|Publication number||US5943048 A|
|Application number||US 08/974,636|
|Publication date||Aug 24, 1999|
|Filing date||Nov 19, 1997|
|Priority date||Nov 19, 1997|
|Publication number||08974636, 974636, US 5943048 A, US 5943048A, US-A-5943048, US5943048 A, US5943048A|
|Original Assignee||Microsoft Corporation|
|Export Citation||BiBTeX, EndNote, RefMan|
|Patent Citations (4), Referenced by (17), Classifications (13), Legal Events (6)|
|External Links: USPTO, USPTO Assignment, Espacenet|
This invention relates generally to the testing of software applications, and more particularly to the testing of graphic user interface control items displayed by software applications.
Developers of a computer operating system often use software applications as test engines to find errors, which are commonly called "bugs," in the operating system. Some of the applications make unusual use of functions in the operating system and may lead to the discovery of interesting bugs in the operating system. Testing the applications can also lead to discovery of bugs in the applications.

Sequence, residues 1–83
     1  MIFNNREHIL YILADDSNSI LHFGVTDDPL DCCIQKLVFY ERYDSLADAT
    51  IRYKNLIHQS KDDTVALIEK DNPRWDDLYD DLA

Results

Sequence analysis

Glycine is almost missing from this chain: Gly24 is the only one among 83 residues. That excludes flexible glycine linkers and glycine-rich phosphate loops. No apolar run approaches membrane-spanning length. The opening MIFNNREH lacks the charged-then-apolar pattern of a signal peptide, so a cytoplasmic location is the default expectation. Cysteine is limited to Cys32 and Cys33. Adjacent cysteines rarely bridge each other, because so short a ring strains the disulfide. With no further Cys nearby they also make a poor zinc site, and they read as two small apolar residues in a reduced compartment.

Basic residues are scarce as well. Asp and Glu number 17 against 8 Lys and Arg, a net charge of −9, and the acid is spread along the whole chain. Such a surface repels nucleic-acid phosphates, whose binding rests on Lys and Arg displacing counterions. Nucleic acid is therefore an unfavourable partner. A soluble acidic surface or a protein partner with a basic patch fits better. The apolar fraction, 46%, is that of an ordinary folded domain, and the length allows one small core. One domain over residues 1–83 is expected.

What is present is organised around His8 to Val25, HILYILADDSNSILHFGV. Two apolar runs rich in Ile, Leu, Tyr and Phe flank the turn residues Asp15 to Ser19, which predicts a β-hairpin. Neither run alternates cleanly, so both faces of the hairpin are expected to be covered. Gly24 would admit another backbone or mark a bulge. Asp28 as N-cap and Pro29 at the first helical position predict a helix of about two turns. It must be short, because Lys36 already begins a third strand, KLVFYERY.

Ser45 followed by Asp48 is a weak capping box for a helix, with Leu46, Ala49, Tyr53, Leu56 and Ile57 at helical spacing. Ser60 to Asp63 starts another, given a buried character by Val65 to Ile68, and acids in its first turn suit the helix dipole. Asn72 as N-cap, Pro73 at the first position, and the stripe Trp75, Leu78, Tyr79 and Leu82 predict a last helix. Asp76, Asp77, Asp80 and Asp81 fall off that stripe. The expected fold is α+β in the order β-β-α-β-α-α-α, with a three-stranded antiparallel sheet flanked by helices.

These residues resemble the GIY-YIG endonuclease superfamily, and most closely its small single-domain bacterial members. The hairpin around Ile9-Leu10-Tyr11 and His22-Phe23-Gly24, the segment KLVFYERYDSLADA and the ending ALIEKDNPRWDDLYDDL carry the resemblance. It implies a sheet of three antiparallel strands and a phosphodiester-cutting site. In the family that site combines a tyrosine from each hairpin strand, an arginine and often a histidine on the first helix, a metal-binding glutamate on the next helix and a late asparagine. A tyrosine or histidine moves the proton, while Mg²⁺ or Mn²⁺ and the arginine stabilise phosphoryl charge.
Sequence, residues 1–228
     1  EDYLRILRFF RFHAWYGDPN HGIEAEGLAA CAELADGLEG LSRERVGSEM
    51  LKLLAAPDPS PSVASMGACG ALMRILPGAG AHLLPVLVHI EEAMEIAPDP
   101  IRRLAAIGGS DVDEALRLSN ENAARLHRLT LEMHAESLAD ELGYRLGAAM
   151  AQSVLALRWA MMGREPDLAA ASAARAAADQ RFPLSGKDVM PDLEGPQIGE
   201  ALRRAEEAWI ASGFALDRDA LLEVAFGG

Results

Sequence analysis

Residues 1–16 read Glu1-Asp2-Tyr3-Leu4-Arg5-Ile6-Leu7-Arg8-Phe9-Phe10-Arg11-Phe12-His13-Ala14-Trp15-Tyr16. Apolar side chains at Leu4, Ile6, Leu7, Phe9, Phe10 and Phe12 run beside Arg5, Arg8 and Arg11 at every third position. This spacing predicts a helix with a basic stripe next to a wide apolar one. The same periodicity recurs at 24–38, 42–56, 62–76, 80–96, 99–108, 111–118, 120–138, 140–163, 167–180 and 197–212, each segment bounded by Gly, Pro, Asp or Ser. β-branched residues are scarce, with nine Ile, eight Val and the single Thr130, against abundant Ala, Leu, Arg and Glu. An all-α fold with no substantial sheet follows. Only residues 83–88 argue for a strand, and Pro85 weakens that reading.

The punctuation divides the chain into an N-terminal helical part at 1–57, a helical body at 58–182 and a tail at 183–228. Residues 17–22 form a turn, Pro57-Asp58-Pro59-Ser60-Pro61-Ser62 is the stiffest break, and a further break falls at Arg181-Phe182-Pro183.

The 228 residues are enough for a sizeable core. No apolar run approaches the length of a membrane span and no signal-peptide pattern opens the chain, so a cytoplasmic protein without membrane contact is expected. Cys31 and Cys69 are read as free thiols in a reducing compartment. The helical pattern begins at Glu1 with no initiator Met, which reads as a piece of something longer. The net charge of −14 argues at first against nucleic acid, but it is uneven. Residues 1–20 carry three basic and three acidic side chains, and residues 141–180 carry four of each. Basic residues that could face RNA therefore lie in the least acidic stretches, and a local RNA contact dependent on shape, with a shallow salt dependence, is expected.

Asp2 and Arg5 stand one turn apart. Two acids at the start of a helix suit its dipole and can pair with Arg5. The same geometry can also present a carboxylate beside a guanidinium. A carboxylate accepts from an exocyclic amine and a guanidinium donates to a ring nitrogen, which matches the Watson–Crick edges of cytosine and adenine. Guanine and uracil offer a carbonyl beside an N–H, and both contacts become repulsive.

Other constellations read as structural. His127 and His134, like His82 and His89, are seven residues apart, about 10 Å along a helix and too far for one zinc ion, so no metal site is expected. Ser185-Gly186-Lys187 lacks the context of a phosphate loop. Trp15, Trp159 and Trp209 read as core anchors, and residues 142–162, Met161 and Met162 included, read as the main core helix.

Because of the large number of applications developed for an operating system, there are many more applications than can be tested manually by human testers. For this reason, test programs have been developed to automate testing of applications. A special group of test programs has been developed. Those test programs are commonly called "monkeys" due to the ways they act on the control items provided by an application. Analogous to a monkey randomly pounding the keys of a typewriter, a "monkey" test program performs common user actions, such as choosing menus, clicking on option buttons, entering characters in edit boxes, etc., in an arbitrary fashion. Because the monkey test programs often do things generally not expected from real users, they may find bugs that are hard to discover otherwise.
To test the control items of an application, a test program has to know at least how to select the control items to trigger the responses of the application. If the graphic control items displayed by the application are implemented using the graphic user interface control library of the operating system, the test program can obtain information regarding the locations and types of the control items to determine where and how to operate on the control items. Many applications, however, have custom control items which are not implemented in the standard way. For example, some applications display toolbar-like controls that are actually bitmap images drawn by the application in the client area of the application window instead of separate controls defined by the operating system. In such a case, the test program may not even recognize the existence of such non-standard graphic control items, and, as a result, cannot test them.